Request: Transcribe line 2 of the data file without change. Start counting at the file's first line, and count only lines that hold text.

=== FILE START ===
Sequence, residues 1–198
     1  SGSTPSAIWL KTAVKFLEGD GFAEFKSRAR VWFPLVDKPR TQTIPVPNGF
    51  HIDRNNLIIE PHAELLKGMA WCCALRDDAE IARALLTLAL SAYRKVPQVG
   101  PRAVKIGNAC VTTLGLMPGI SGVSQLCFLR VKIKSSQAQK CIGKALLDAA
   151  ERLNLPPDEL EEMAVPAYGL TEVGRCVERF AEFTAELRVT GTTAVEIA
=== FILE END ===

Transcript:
     1  SGSTPSAIWL KTAVKFLEGD GFAEFKSRAR VWFPLVDKPR TQTIPVPNGF